Another horizontal gravel packing record was set with a 7,324 ft comp-letion in the Texaco-operated Captain field in the UK North Sea, in which Korean Captain Company Ltd. is a partner. The event surpassed the previous horizontal gravel packing record of 4,000 ft, which was set in November 1998.
In May 2001, the Texaco Captain 13/22a - B2 well was completed at a total depth of 19,990 ft measured depth as an open-hole gravel pack using a 5 1/2-in. by 230 micron with medium weave screens. Prior to the completion, the well consisted of a 11 3/4-in. by 9 5/8-in. tapered casing string set at 7,048 ft measured depth (MD) and a drilled 8 1/2-in. hole to a total depth of 14,372 ft MD. The horizontal section was begun at a true vertical depth of 2,915 ft.
The objective of gravel packing was to stabilize the open hole, prevent formation sand movement, and protect screens from plugging and erosion. The resulting completion should provide reliable long-term well productivity and enhanced reservoir drainage, according to the producer and service company. To accomplish these objectives, Texaco and Baker designed and implemented a systems approach that integrates customized drill-in fluids, high-rate displacement and hole cleaning procedures, and Baker Oil Tools' proprietary extended-longevity sand control screen, CS-300 open hole gravel packing system, BetaBreaker valves, and the company's proprietary fluid loss control valve.
The completion procedure was designed to control fluid loss in the horizontal section with very high permeability (1-12 darcys) and a very small operating window between formation pressure and fracture pressure.
The horizontal hole was drilled with a 9.6-ppg water-based calcium carbonate drill-in fluid. Then, the entire well was displaced to 9.6 ppg filtered sodium chloride/potassium chloride (NaCl/KCl) brine using a high rate well displacement. The cleanliness of the brine returns from the well were less than 0.01% solids content, prior to deploying the gravel pack assembly.
The gravel pack assembly with 4-in. internal washpipe string and open hole gravel pack service tools was successfully deployed in the well. A Model "SC-2R" packer was set at 6,827 ft MD. The end of the screen assembly was at 13,990 ft MD. The service tools, designed to maintain hydrostatic pressure on the open hole filter cake, were successfully released from the packer and the various circulating positions were confirmed. In addition, four BetaBreaker valves were run in the washpipe to assist in maintaining bottomhole treating pressure below fracture pressure.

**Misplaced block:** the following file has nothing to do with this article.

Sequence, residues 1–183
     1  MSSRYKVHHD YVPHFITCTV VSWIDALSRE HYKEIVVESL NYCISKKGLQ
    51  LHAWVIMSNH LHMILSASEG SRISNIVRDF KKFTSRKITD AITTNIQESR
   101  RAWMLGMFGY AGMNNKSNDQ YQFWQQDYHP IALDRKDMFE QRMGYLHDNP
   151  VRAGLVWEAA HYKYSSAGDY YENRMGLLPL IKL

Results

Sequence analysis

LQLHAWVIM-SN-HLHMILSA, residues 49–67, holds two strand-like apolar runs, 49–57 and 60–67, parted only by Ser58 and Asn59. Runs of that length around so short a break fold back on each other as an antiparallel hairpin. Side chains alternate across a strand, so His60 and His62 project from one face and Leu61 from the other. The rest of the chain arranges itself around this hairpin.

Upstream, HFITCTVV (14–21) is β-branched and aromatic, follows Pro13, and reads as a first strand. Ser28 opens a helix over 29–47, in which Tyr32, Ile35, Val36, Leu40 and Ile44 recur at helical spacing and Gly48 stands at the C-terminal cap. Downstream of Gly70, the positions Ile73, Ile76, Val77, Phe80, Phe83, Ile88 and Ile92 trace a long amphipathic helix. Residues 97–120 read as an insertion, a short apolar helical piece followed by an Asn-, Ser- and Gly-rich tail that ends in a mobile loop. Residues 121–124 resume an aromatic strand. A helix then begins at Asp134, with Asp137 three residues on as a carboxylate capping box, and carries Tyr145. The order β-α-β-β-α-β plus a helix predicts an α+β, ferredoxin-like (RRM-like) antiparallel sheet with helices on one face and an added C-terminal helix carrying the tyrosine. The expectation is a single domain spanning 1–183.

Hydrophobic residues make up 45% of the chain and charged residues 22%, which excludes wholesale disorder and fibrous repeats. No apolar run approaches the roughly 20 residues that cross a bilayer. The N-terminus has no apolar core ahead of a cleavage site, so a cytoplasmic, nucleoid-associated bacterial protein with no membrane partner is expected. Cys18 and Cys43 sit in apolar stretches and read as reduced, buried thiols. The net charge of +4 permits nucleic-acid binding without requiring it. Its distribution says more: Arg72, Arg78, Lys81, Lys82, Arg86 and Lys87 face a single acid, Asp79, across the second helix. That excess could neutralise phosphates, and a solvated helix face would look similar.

In May 2001, the Texaco Captain 13/22a-B2 well was completed at a total depth of 19,990 ft measured depth as an open-hole gravel pack.
Using horizontal gravel pack design software, engineers determined the required pump rate and gravel concentration to pack the well. The well was successfully gravel packed with 174,920 lb of 16/30-gravel pack sand or 104% of the open hole annular volume calculated from the measurement-while-drilling ADN caliper log. Completion brine was used as the gravel carrier fluid.
Approximately 70% returns were maintained while pumping the gravel pack, which took 60 hours. Sand loading was maintained at a very low level (average 0.15 ppga) throughout the job. During pumping, all four valves operated as designed, allowing the treatment to be pumped at a constant rate of 7 bbl/min. without exceeding fracture pressure. After the gravel pack screened out, the excess gravel was successfully circulated from the workstring, and the service string was then pulled above the fluid loss control valve. Prior to closing, the valve losses of 60 bbl/hr were noted, and losses were reduced to zero when the valve was closed.
The first of the 4,000-ft horizontal gravel packs was installed in Captain in November 1998, following technical, operations, and logistics planning. Using a brine carrier fluid, 137,000 lb of gravel was placed in the annulus between the borehole and the sand control screen. Gravel placement was successful despite the presence of a non-cemented open hole sidetrack in the final 4,000-ft-long horizontal interval.
The gravel-packed wells in the field have exhibited more consistent well productivities in line with reservoir performance expectations and with no signs of plugging. As the need to gravel pack laterals of increasing length continues, new technology has been and will continued to be developed to meet these challenges.